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A Lazy Art History Student’s Guide to Montreal Art Museums and Galleries

By: Muhan Zhang

One of the perks of studying Art History in the vibrant and art-hoe packed city of Montreal is that art is everywhere you go. Student mainstays MBAM and MAC are just a few blocks in either direction of the Roddick Gates, the various neighbourhoods bordering McGill’s downtown campus are teeming with hip contemporary art galleries, and, of course, you can’t walk through the Plateau or even the student ghetto without marveling at the murals from our annual Mural Festival.

And yet, in spite of the abundance of museum and galleries around me, in spite of my manic dreams of becoming an art historian/curator/art-world something, even in spite of my lifelong rep as The Proverbial Art-hoe to live up to, I’ve probably only participated in Montreal’s art scene a scant handful of times since moving here. Looking back, even these few excursions were mostly for the purpose of completing assignments.

While there are a couple factors to blame for my inactive art life, among them the weather, my over-ambitious course-load, and construction, what it really comes down to is just a lack of trying. Lucky for you, however, I’ve done all the tedious stuff for you in compiling this guide with all the need-to-know info on making the most of admission fees and memberships on a student budget, accessibility from campus on foot or by transit, and more.

For my fellow shameless self-curators/curators-of-the-self, all that’s left to do now is grab your student ID, pick out your geotags and filters, and get to enriching those minds, bodies, and social media feeds.

Featured Institutions:

MBAM | MAC | McCord | DHC-ART | Parisian Laundry | Station 16 | SBC Gallery | FOFA Concordia | Gallery X Concordia | La Galerie UQAM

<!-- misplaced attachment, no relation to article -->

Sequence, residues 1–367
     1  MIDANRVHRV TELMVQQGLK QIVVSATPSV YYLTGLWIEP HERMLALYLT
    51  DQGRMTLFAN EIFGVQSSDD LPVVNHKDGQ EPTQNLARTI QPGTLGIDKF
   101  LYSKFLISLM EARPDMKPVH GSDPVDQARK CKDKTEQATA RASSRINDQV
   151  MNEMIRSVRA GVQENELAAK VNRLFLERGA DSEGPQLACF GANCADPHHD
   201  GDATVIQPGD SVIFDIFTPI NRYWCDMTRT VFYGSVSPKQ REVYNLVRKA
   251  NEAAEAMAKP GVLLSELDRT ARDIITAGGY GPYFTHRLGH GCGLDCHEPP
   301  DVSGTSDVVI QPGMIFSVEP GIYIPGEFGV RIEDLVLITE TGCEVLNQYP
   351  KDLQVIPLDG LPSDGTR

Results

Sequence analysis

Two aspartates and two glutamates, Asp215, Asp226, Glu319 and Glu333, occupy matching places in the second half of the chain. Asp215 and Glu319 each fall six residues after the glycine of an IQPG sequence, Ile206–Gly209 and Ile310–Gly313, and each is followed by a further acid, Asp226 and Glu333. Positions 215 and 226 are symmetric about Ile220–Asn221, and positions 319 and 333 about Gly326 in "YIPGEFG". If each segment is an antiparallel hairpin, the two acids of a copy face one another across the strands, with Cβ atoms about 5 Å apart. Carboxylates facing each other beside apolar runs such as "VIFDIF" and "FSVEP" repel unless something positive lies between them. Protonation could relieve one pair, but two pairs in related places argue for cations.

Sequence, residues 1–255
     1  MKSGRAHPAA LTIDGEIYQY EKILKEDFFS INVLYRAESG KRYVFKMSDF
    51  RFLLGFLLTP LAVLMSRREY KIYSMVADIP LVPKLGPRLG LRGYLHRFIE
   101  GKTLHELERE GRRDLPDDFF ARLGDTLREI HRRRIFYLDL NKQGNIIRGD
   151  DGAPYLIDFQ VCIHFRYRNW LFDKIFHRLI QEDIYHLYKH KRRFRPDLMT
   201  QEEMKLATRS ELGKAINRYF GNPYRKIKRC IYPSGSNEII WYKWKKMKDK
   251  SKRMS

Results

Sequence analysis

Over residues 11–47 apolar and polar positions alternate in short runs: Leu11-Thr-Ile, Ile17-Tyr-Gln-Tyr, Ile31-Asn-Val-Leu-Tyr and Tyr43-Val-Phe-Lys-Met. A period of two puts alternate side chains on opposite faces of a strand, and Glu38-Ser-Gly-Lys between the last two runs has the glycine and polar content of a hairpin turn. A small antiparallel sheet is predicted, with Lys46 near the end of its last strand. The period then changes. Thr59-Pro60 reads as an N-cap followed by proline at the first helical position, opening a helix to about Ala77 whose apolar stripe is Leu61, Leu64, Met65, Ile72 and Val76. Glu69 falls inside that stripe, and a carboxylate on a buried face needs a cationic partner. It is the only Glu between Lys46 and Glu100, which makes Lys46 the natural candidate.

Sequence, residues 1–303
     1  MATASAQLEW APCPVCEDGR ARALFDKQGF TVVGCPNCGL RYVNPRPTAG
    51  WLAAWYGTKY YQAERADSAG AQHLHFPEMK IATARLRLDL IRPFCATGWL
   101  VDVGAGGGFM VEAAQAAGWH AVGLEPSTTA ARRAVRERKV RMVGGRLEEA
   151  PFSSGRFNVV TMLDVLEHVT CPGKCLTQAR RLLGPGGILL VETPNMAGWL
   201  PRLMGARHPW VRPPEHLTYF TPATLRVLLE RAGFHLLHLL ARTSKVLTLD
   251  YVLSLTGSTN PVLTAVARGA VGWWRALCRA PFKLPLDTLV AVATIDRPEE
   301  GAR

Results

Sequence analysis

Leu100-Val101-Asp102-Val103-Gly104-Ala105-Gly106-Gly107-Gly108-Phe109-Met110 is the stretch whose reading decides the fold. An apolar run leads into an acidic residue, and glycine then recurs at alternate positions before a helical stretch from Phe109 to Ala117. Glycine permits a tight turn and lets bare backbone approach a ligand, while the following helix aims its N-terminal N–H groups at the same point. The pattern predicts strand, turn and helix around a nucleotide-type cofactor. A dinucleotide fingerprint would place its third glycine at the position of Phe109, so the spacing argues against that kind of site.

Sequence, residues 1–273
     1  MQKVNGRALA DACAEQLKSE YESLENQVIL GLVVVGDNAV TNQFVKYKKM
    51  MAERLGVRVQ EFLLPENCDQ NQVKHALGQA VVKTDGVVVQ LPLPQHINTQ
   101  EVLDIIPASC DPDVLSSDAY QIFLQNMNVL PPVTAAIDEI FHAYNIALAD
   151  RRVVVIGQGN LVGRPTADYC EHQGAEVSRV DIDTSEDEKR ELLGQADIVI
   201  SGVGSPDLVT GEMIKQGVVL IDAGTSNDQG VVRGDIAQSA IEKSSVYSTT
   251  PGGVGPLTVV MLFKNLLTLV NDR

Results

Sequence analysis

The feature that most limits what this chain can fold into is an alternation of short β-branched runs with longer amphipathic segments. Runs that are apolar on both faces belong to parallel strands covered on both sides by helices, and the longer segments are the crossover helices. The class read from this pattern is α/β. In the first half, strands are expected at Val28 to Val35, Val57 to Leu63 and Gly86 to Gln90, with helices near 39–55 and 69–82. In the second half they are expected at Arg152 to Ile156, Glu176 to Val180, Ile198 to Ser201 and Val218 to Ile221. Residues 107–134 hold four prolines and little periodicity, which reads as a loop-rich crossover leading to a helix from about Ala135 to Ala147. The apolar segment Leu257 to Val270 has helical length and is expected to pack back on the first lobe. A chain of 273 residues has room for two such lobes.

*Please note: All admission fees listed below are student prices. They may also change from the time I am writing this/I might have made mistakes in my research so make sure to double-check fees, hours, and so on for yourself before heading out!

Musée des Beaux Arts. Photo via https://www.mbam.qc.ca/en/information/

Musée des Beaux-Arts de Montréal (MBAM)

1380, Rue Sherbrooke O | Open 10am to 5pm, Tuesday to Sunday and to 9pm on Wednesdays

Getting there: Under 10 minutes walk from Roddick Gates and on the 24 bus route but be mindful of impediments to both during Sherbrooke construction hell.

Admission:

Free for permanent collections and the Discovery Exhibitions
$15 for major exhibitions
$35 for the “Avant-Garde VIP” 1 year membership for adults under 30

Highlights:

Chagall Colour and Music | January 28 to June 11, 2017:

Over 400 art and documentary works, biggest Canadian exhibition ever devoted to Chagall, colourful, happy, about “Chagall’s profound connection to music in his life and work.”

The Michal and Renata Hornstein Pavilion for Peace | opened November 19, 2017:

Brand new pavilion with 750 works from Old Masters to contemporary artists across 4,958 square metres and six floors. The stuff dreams are made of, would recommend.

www.mbam.qc.ca/

Musée d’Art Contemporain. Photo via http://www.macm.org/en/the-musee/

Musée d’arts Contemporain de Montréal (MAC)

185 St-Catherine O | Hours vary (closed on Mondays)

Getting there: A bit farther of a walk from campus than MBAM but is located on pretty much any transit line going through Place-des-Arts.

Admission:

$10 for regular admission
Half-price on Wednesday evenings 5pm to 9pm

Highlights:

For Time is the Longest Distance Between Two Places | until March 12, 2017